I might talk about kids. They are certainly a never ending source of material. The same parents can have kids that are opposite in so many ways it can be almost comical if it wasn’t so frustrating. One child knows exactly why they do everything… the other child believes “I don’t know” is an answer to why they did anything wrong. Bill Cosby would be proud of the second.

May 04

Do it yourself… atleast once

Not too long ago my wife and I purchased a new house. Well, actually, there’s nothing new about this house. It’s about 40 years old and full of “issues”. Some of them are purely a product of neglect (it was vacant for almost 2 years prior to our purchasing it), some of them are due to the house’s age, and some of them are simply “things I wish were different”. I’ll be learning a lot of new skills on this one…

I have a tendency to avoid paying someone else to do something until I myself have done the same thing. For example, when I was 19 or so I decided I wasn’t going to take my car to get the oil changed. I’d change it myself. It did not end well…  I emptied the wrong fluid. I dumped the manual transmission fluid when I pulled the plug ( which explained why my oil was purple) and before I knew it my car was in the shop anyway… for a more expensive fix. I went ahead and finished the oil change myself though first.

So why did I decide to do it myself? Is it because I like working on cars? Nope, not really (though I do like to understand how they work just in case). It’s because I wanted to know (1) can I do this myself and save some money and (2) If I can do it myself for less money, can I save enough money to make it worth my time. If there answer to (2) is “no”, then I simply won’t do it anymore. I’ll pay someone else, but I want to know what I’m paying them to do.

I felled a tree with an axe last weekend. It was very satisfying. The tree was approximately 40ft tall with a trunk diameter of around 10 inches. It was a lot of work. And despite the satisfying feeling of watching the tree fall to the ground caused by my sweat and determination I now know WHY I would pay someone to cut down any tree bigger than that one. It is simply not worth my time / pain / equipment / etc to do it myself. Previously when getting estimates I might have thought “200 dollars for that tree… is this guy trying to rip me off?” or “I have to get 5 estimates just to be sure everyone is in the right ballpark”. But now, having done it myself, I know what I would quote myself, and I know that it likely takes me two or three times as long as a “pro” so I can adjust accordingly. I also know that I can spend the time I would spend on the tree working on a new computer program… or doing some house maintenance I’m actually good at… which is likely a far better use of my time. Heck, I might be able to make the $300 working on computer stuff in the amount of time it would have taken me to cut down the tree and haul it out to the curb. In that case, I can rest well knowing that both the contractor and I win. I can write that check with confidence and without regrets or hesitation.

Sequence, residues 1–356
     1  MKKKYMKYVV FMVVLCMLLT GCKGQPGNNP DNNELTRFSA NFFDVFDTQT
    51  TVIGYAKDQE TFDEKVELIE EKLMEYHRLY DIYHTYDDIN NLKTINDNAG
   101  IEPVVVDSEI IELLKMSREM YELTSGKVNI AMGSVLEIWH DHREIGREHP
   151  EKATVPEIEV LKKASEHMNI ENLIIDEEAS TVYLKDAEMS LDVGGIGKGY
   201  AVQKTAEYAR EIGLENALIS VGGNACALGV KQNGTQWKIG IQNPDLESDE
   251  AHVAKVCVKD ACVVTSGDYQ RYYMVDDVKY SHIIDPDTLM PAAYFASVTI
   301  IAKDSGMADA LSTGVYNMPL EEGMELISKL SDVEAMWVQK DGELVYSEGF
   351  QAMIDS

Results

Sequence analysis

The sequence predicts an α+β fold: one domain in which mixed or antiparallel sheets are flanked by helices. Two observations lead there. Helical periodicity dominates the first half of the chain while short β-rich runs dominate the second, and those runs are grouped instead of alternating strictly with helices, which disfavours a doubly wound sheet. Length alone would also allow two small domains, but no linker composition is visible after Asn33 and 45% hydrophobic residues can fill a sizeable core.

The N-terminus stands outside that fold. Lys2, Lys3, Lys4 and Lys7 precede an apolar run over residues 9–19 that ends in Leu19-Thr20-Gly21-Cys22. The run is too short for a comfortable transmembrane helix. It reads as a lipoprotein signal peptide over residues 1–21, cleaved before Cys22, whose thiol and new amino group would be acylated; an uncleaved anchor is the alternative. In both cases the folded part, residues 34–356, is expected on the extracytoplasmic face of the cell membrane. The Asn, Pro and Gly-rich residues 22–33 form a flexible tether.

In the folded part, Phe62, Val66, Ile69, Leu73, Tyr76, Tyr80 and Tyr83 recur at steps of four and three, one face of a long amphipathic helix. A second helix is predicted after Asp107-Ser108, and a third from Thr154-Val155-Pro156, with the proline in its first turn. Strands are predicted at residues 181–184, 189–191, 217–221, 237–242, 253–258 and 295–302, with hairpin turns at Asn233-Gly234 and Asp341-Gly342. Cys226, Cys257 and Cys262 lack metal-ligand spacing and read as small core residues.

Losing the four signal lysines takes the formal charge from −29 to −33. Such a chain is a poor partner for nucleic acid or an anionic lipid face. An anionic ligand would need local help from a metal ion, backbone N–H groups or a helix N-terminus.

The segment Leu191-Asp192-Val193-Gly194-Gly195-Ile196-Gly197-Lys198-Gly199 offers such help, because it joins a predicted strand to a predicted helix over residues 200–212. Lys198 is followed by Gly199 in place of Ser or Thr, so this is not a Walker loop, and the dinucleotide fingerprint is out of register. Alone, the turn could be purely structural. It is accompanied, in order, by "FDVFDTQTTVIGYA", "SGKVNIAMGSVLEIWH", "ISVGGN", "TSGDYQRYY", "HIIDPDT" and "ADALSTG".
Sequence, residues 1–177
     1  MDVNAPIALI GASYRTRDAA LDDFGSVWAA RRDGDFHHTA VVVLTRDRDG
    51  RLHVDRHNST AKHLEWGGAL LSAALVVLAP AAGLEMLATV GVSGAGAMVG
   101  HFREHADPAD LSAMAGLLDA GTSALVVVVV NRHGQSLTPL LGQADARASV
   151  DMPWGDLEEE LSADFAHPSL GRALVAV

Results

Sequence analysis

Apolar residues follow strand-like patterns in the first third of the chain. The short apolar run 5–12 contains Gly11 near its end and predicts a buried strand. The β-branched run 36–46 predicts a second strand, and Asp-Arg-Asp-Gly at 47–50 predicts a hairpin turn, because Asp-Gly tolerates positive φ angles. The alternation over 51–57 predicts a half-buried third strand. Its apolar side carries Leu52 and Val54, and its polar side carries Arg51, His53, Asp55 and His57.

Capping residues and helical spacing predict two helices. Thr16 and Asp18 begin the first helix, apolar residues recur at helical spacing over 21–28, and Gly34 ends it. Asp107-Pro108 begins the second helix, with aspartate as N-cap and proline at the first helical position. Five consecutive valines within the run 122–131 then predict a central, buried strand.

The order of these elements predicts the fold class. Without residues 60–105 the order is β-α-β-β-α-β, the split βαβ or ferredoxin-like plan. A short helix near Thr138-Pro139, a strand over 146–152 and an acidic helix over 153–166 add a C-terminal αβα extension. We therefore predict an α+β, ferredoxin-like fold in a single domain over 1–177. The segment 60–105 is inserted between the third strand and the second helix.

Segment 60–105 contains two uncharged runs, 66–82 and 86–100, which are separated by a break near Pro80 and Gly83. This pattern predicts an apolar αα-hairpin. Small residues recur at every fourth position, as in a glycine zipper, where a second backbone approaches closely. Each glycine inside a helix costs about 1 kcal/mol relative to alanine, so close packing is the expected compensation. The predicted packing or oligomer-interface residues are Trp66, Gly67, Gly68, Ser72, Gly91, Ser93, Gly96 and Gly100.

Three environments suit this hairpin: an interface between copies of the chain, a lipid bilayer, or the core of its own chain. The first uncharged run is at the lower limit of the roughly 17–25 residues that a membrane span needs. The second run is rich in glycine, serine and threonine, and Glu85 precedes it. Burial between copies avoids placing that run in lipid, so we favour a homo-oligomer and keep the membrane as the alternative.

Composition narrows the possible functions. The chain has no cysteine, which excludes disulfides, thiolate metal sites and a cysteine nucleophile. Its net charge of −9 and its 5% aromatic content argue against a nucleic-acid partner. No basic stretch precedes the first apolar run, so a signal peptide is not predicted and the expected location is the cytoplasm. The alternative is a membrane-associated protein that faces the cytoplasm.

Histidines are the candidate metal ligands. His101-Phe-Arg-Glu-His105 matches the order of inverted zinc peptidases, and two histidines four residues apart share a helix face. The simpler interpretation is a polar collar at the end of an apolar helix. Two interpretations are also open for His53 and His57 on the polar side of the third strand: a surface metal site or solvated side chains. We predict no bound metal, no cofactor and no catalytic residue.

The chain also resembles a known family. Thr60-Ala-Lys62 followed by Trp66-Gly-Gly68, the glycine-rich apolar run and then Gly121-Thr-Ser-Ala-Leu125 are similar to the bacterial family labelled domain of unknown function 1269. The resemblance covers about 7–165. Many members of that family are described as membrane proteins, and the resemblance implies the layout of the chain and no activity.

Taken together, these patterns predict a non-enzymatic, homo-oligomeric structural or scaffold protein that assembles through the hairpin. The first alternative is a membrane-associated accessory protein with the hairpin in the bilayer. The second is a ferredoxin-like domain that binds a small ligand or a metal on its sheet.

When possible, I suggest doing the things you would pay someone else to do atleast once. Maybe you’ll find you like it and are good at. Maybe you’ll just reaffirm your decision to let someone else do it. Either way, odds are you’ll learn something useful.

(I pay someone to change my oil. I can get it changed for about $13 at the right time of day and it only takes about 10 minutes. I can barely buy all the supplies for that price, and it would likely take me an hour. I know how, just in case, but for now, it’s worth my time and lack of frustration to write the check and rest well knowing that it truly is the right decision as opposed to the “easy” decision.)

Jan 14

Website color charts

Anyone creating websites has come across a need for color charts. Whether picking a background, a font color, a border color, or any other colored control / feature it is crucial to have some sort of reference to work from. I’m not that artsie (sp?) so I don’t have the color codes memorized due to high use, but I also hate going and looking for decent ones.

As I find decent charts, I’ll add them here.

The main reason I like this first one listed is that it has not only the codes, but it shows me pictures of each of the CSS standard color codes. I am often coding away and am trying to pick a color but the intellisense only has the color NAME… not a sample next to it. Now I can whip out my handy dandy color chart via the link below, find the color I want visually, and then use the name specified next to it. Life is good.

Color Chart:

Dec 26

Link checker – Bad neighborhood

I often get requests for me to add links to my sites. Usually it is just someone looking for something simple that will deliver them some relevant traffic.
What I have found though is that one should ALWAYS verify that the link destination is okay. It should not be in a bad neighborhood. In addition, it should not link out to bad neighborhoods. These bad neighborhoods will get sites that link to them penalized in the search engines.  That’s right – the sites that you link to can get your site penalized. Not only that, but the sites THEY link to might get your site penalized.
The link below has a bad-neighborhood checker. It will scan a URL and determine if there are questionable links. Then it will scan the linked to pages to see if any of their links are questionable in nature. It’s a great little tool and I highly recommend using it.